Thin stillage (TS) is a liquid byproduct that remains after microbial ethanol fermentation of carbohydrates by yeast and subsequent distillation of the fermented mash. TS contains salts, carbohydrates, proteins, and organic compounds. Wheat thin stillage (W-TS) is a by-product of ethanol production generated in large amounts in Russia. W-TS is rich in carbon sources such as glycerol, maltose and organic acids. It contains such sources of nitrogen nutrition as betaine and glycerophosphocholine,31 but its high acidity (pH 3.76–3.97)31 and high biological oxygen demand (up to 70 g/L) make TS a disadvantage to distillery industries.

Researchers are currently studying the possibility of using stillage to increase the yield of BC in static conditions.29,30 Rice thin stillage (R-TS) – a wastewater from rice wine distillery that is rich in organic acids – was used to supplement the traditional HS medium for BC production. In the 50/50 R-TS – HS medium, a BC concentration of 6.26 g/L could be obtained after 7 days of static cultivation.30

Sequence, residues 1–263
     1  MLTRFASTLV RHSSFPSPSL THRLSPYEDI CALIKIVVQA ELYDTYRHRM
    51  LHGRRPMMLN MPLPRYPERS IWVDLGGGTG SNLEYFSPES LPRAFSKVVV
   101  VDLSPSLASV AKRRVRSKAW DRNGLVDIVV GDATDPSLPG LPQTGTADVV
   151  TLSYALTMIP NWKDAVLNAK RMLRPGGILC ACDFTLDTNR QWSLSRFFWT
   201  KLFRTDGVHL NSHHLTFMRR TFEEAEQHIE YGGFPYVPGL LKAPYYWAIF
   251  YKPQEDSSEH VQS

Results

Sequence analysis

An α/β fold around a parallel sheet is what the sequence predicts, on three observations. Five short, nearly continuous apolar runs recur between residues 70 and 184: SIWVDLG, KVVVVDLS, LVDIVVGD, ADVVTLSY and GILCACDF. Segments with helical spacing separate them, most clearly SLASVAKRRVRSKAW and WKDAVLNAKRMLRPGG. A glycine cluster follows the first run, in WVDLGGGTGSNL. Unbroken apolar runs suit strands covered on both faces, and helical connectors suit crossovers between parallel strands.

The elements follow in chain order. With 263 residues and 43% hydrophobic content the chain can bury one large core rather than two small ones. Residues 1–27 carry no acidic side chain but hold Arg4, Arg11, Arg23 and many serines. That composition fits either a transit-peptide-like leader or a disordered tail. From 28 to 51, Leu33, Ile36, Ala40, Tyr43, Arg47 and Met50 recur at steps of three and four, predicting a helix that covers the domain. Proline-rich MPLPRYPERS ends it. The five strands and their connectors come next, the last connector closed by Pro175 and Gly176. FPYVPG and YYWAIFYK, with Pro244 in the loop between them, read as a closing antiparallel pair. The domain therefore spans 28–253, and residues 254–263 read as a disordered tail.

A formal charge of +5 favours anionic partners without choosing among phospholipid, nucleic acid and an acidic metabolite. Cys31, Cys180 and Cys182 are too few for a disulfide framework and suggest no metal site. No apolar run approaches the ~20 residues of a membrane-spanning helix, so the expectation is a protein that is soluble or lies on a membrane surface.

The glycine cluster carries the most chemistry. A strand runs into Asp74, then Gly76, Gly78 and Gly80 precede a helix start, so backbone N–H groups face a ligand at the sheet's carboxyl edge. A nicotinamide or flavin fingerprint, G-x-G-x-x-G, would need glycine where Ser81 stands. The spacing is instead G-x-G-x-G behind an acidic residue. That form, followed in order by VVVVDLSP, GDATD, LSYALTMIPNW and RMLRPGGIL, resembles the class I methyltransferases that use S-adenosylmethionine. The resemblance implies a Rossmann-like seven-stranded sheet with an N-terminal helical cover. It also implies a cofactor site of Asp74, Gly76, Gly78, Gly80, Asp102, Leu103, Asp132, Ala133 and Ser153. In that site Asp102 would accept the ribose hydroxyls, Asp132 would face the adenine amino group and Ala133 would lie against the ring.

Whey is a by-product of the manufacture of cheese or curd. It contains a large quantity of nutritionally rich components.35 BC formation on whey was also studied under static conditions.24,27,28 Carreira observed a low level of BC production (0.08 g/L) on cheese whey.27 A low-cost medium based on the agricultural by-product soya bean whey was prepared and optimized for biocellulose production by Komagataeibacter sp. PAP1.28 According to their results, the optimal conditions for BC production were as follows: pH of 6.21 and ethanol concentration 1.61% (v/v). A maximum BC production of 4.10 g/L was obtained on the seventh day of cultivation under static conditions.